Maritime LNG, towards 2050 and beyond

19 May 2021 - ConferenzaGNL

Maritime LNG, towards 2050 and beyond

by Diego Gavagnin

Last newsletter, I reported on the “disappearance” of LNG from the PNRR (here), and the likely transfer of the subject to the “Complementary Fund” Decree Law. The Decree-Law has been published in the Official Gazette, with a total fund of 30.6 billion for the years 2021 to 2026, of which 600 million is earmarked for “green ships”.

The projects to be financed will follow the same rules as those in the PNRR, with precise objectives, cost-benefit analyses and step-by-step reporting. However, the procedures for accessing these funds are still unclear: what kind of public tenders will be issued, who will issue them, and who will be able to participate.

In recent weeks, when the draft PNRR still envisaged “green ships”, there was talk of LNG but also of other forms of motorisation, such as electricity and hydrogen. It is assumed that the cost-benefit analysis must also take into account the time variable, given the urgent need to cut climate-changing emissions by 2030 and 2050.

It is striking that at the same time, in one fell swoop, the MSC Group’s Mediterranean Shipping Company, the world’s second-largest cargo line operator, is considering a billion-dollar investment to convert some 40 container ships of various sizes already on order to LNG, to be delivered by 2024.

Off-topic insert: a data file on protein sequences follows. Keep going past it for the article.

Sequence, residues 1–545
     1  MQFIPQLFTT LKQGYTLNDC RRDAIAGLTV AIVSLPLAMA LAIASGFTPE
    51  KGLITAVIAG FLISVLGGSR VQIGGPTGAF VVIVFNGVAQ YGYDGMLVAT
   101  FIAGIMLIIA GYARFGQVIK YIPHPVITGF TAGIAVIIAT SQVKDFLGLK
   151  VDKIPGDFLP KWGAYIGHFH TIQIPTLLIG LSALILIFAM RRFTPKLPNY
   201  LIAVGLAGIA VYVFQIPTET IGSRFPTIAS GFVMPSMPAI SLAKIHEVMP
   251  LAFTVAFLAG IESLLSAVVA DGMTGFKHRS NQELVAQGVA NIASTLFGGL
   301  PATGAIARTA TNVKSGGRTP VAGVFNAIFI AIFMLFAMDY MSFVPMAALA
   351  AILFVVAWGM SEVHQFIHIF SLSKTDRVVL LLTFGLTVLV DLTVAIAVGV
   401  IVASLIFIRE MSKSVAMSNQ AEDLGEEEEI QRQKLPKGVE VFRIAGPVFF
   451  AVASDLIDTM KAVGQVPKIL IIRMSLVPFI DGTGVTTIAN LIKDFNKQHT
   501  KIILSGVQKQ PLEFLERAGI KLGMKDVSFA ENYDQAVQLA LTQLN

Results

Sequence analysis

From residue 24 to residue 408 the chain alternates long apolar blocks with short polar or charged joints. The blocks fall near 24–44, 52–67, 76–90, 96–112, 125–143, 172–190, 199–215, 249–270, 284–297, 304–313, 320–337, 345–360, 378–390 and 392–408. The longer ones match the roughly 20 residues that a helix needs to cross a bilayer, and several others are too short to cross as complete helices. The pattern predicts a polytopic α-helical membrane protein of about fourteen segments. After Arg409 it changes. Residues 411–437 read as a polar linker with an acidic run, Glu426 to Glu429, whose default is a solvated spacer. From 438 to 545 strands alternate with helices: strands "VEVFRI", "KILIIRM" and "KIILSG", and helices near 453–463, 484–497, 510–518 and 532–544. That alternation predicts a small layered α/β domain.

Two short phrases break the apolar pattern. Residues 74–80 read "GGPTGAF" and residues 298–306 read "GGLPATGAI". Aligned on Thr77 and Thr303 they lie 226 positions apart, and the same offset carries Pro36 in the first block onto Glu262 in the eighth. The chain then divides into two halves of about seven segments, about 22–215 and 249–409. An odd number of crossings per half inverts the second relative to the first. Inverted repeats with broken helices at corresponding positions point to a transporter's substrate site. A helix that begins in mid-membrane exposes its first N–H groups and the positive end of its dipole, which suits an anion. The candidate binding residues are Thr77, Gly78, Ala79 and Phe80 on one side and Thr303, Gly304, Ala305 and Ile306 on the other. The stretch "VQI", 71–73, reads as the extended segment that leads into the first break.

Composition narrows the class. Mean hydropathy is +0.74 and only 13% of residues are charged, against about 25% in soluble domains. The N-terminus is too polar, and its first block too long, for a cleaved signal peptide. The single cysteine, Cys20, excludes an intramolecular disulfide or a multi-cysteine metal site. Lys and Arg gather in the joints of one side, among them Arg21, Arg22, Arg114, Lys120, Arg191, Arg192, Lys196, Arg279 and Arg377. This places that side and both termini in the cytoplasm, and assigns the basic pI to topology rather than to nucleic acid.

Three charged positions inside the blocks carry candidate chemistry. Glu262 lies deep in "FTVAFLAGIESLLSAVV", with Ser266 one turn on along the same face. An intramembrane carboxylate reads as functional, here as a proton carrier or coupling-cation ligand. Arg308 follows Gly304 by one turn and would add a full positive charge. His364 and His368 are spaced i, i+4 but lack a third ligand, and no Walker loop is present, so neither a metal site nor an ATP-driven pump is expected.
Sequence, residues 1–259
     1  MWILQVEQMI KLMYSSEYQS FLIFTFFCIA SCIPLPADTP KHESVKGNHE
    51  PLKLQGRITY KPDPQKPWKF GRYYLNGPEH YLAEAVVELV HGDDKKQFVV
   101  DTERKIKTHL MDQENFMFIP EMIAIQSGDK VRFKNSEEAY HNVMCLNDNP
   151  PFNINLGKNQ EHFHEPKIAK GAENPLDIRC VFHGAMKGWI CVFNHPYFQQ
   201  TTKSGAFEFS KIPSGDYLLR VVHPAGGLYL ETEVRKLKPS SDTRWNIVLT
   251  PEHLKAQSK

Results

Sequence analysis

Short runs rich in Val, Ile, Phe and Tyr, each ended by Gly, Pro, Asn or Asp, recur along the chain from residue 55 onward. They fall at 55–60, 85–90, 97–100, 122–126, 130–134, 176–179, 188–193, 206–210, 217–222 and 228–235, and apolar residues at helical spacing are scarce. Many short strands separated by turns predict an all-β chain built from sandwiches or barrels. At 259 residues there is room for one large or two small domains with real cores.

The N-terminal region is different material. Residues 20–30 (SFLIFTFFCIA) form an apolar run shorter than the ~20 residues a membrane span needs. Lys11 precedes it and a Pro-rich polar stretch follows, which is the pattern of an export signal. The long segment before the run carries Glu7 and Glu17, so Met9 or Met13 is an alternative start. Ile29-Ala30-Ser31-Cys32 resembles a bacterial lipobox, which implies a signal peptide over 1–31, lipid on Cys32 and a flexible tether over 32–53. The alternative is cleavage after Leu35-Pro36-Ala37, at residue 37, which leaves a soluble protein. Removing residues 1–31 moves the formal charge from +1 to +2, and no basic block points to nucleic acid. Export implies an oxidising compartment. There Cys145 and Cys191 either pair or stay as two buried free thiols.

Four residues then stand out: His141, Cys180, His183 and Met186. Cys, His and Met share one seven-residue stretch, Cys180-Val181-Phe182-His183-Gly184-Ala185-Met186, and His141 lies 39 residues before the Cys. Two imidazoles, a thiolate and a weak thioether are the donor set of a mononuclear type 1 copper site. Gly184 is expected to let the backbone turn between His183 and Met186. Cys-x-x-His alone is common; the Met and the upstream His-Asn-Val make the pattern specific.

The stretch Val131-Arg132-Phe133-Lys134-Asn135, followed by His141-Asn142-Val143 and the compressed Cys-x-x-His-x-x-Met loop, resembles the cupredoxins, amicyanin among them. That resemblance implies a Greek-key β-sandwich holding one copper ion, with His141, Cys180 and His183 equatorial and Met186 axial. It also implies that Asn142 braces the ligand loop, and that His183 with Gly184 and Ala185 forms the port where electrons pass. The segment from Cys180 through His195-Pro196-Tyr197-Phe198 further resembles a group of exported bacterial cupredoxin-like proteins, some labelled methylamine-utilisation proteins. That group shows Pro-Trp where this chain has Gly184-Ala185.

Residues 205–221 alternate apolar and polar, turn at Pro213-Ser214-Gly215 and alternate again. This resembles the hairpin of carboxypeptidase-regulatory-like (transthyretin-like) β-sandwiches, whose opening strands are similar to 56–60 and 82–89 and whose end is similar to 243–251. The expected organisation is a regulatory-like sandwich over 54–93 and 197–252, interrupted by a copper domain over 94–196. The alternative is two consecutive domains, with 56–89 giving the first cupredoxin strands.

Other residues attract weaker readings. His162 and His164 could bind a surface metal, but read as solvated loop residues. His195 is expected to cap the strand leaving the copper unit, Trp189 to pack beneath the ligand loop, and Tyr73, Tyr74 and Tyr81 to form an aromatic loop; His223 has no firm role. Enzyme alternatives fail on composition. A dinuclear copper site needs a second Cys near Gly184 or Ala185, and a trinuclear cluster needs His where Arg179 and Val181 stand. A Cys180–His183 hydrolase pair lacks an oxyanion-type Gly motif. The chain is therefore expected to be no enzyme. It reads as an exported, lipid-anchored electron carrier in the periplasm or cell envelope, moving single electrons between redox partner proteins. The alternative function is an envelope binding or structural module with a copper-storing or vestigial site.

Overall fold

To give an idea of how the market is moving, the other major owner of container ships, CMA CGM, which already has six large ones in use and 13 on delivery, has ordered another 12. It is estimated that the higher cost of LNG motorisation for container ships varies between €20 million (those of 15,000 TEU) and €35 million for the largest (24,000 TEU).

In short, European projects or not, the maritime cargo market seems to have made its choice, at least until 2030 (but probably even beyond) for LNG. As has the cruise market been doing for some years now. It is no coincidence that this is happening at a time when supply is now guaranteed on the world’s main routes.

More and more new tankers for ship-to-ship refuelling are being launched, more are being ordered, and in the Mediterranean the first coastal LNG depot, the Higas plant in the port of Santa Giusta-Oristano in Sardinia, with a capacity of nine thousand cubic metres, is about to come on stream.

The global squeeze on climate policies is greatly reducing the role of scrubbers, the filters in chimneys that solidify sulphur, which is then dumped into the sea. This technique has been the main alternative to LNG in recent years and has slowed its penetration. Sulphur, however, acidifies the water and has a negative impact on the climate.

There is much debate about the speed at which new fuels enter the market, including ammonia in addition to electricity and hydrogen, but if large shipowners order LNG ships that are expected to last 25 years, it means that in 2050 the world’s LNG logistics will still be alive and well, implemented by climate-neutral bio LNG.

All this and much more on the direct uses of LNG will be discussed in Bologna from 6 to 8 October at the sixth International Conference & Expo, the international appointment of ConferenzaGNL (more info HERE)

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